“My earliest fashion memory is picking out what to wear for my fourth-grade school picture. I chose head-to-toe yellow: a Nautica waffle-knit shirt with a shearling vest and matching pants. I felt very autonomous at that moment and in control of how I presented myself to the world. I always loved standing out. Growing up in Louisiana, people were expressing their queerness outwardly and felt comfortable doing so. I was around people of different races, religious backgrounds, shapes and sizes, and I’m so grateful to my parents for putting me in that environment.
I never set out to be a part of the American fashion establishment. But it is starting to recognize people who lie on the margins and who are more radical in their thinking”
“There weren’t nearly as many Black faces in fashion design, so I realized that if I wanted to have a presence, I needed to work twice as hard to get half as far. If someone asked me to do 15 sketches, I would do 30, to make sure that I was always pushing. I never expected that I’d one day win the CFDA’s Emerging Designer of the Year Award. I never set out to be a part of the American fashion establishment. But it is starting to recognize people who lie on the margins and who are more radical in their thinking, not only in terms of business structure, but also with the product they’re making. It’s exciting to be a part of that new guard.
“Before the industry embraced my work, the red carpet did. I’ve never paid for celebrity placement or reached out to stylists; it’s always been organic and natural. Michelle Obama, Rihanna, Lady Gaga, Tracee Ellis Ross, Zendaya: it’s great to know that all these different types of women gravitate towards one brand. It shows the myriad ways that you can exist as a person who wears Christopher John Rogers.
“I draw inspiration from everywhere. Some of the most far-fetched sources have been trash bags and the colorful debris throughout the city, which I actually find really beautiful. I think often of synthetic references like fast-food logos with bright color combinations: Dunkin’ Donuts pink and orange, or McDonald’s red and yellow. For the spring/summer 2021 collection, I found inspiration in the optimism and innocence of little kids’ drawings. It’s beautiful and natural: kids just express themselves without really knowing what they’re doing. I tried to capture that same energy in the clothing. It led to this idea of essentialism in terms of color so there are a lot of primary hues in this collection. There are ball gowns, beautifully tailored suits, easy cotton dresses and great separates that people can wear for daytime or evening events.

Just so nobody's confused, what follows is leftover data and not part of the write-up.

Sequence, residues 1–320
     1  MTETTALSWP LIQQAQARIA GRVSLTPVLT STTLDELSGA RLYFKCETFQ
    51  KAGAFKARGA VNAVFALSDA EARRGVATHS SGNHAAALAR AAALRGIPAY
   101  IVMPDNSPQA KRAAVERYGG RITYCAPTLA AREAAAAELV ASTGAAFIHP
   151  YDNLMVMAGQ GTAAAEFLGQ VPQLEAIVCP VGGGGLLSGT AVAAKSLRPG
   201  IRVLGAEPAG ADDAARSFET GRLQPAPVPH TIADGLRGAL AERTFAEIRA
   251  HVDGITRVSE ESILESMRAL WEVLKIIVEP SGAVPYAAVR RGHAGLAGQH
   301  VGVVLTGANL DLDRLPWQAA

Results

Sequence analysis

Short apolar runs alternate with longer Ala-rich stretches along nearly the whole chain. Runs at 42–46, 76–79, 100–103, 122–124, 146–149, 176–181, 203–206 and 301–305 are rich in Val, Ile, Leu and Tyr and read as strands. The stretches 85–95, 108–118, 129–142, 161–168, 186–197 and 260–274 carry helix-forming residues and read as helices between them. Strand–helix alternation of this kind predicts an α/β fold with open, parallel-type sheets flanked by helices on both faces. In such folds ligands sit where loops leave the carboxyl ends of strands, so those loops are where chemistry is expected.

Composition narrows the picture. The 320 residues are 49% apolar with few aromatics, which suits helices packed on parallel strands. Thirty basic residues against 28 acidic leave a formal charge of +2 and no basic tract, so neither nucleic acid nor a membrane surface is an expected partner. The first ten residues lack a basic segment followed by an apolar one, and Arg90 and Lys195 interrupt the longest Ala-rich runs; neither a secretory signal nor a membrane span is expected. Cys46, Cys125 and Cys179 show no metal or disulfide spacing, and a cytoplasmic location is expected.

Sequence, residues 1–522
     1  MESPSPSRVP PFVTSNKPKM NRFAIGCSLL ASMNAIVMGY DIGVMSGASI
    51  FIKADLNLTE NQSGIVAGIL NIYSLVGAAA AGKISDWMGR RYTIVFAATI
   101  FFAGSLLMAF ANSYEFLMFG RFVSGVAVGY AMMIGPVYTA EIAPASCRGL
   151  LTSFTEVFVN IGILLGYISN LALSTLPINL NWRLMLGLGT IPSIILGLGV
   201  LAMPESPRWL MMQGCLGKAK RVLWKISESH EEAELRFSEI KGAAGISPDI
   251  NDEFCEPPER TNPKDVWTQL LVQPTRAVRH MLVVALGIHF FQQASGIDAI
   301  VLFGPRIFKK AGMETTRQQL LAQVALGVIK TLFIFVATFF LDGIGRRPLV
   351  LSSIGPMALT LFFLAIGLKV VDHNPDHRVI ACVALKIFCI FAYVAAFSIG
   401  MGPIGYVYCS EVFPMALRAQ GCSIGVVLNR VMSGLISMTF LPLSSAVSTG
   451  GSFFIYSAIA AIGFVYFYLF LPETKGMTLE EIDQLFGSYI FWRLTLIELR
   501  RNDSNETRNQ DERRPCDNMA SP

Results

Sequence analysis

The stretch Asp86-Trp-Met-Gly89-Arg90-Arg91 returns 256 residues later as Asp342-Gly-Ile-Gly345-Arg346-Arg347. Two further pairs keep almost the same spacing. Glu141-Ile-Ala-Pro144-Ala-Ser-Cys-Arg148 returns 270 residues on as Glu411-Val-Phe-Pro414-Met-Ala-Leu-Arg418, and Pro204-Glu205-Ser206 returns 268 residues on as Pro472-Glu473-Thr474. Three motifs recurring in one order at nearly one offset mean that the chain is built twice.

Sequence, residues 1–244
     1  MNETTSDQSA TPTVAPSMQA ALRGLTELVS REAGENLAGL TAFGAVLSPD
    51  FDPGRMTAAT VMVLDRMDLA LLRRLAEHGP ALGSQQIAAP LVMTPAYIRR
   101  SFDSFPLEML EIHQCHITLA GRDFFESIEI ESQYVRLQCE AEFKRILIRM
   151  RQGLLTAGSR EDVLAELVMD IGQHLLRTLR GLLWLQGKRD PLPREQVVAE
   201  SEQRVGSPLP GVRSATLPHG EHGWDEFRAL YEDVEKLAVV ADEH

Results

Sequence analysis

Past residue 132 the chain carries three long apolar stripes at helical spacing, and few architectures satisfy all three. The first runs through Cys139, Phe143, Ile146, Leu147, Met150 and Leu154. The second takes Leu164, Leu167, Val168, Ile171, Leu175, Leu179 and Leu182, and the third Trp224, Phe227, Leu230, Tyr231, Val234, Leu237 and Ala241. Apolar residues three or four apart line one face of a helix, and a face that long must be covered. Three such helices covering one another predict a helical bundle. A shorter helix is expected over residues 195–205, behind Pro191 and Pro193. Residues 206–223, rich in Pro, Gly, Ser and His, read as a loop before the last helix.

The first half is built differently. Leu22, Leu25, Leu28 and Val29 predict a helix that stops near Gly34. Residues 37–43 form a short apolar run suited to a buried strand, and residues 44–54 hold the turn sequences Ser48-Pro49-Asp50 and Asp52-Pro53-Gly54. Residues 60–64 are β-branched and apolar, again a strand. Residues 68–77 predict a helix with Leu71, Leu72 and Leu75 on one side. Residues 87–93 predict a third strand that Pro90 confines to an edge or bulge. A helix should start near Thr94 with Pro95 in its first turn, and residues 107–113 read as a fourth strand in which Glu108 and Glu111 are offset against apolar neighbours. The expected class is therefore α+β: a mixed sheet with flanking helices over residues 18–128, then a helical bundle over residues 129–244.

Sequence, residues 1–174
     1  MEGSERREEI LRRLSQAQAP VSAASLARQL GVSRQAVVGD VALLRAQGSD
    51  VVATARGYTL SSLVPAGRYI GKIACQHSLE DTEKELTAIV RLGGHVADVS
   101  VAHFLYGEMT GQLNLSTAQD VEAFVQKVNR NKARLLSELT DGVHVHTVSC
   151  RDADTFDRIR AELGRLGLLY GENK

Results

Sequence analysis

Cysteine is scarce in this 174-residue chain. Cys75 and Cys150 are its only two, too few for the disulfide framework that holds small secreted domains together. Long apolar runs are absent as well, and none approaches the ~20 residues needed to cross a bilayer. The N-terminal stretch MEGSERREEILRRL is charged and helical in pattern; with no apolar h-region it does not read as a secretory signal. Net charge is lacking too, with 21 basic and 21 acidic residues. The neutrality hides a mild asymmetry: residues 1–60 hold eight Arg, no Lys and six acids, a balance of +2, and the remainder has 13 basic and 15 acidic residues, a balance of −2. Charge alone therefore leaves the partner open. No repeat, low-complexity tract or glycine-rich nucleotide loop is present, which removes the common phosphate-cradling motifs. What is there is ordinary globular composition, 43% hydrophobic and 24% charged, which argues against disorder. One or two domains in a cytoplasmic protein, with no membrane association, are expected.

“The pandemic highlighted the fact that people are still interested in fashion, in emotional clothes that don’t necessarily have to be evening-oriented. They want quality and intention. They want a piece they can cherish for the rest of their lives. I don’t think that has to mean something simple or basic. It could mean a strawberry skirt that turns into an heirloom. We’re leaning more into designing clothing that will last forever and that you can pass down: a piece that can become future vintage, as opposed to designs that just work in 2020.
I’m glad that there’s finally a chance for designers, writers and creatives of color to get the access that white people have had for years”
“Alongside the pandemic, the fashion industry is in the middle of a racial reckoning. I hope it has a lasting impact. I’m glad that there’s finally a chance for designers, writers and creatives of color to get the access that white people have had for years. I hope that moving forward, we’ll get opportunities that have nothing to do with examining race or catering to white people’s obsession with rectifying their past transgressions. There’s so much more to us than race. The more that we are able to focus on our specificities as individuals, and present that to the public, the more people will see us as something other than a skin tone.
“Diversity and variance in body type is a popular trend right now. It’s necessary for brands to adapt to survive, so everyone’s adopted the same language. But for me, that’s always been a part of my brand DNA and the way I see fashion. It’s incredibly real to me, not a performance. I’ve always welcomed inclusivity on my runway. All these different hair textures, bodies, chest sizes, heights, ethnicities and genders are a part of my truth – my community, my friends, and my family – so why not put it on the runway? If someone is major and I love the way that they look and they inspire me and make me laugh, why not put them on the runway? We’re actually increasing our size range – I’d love to go up to at least an 18 or 20 – so that people of different sizes and body types and gender identities can see themselves in my work.”
SHOP CHRISTOPHER JOHN ROGERS
The models featured in this story are not associated with NET-A-PORTER and do not endorse it or the products shown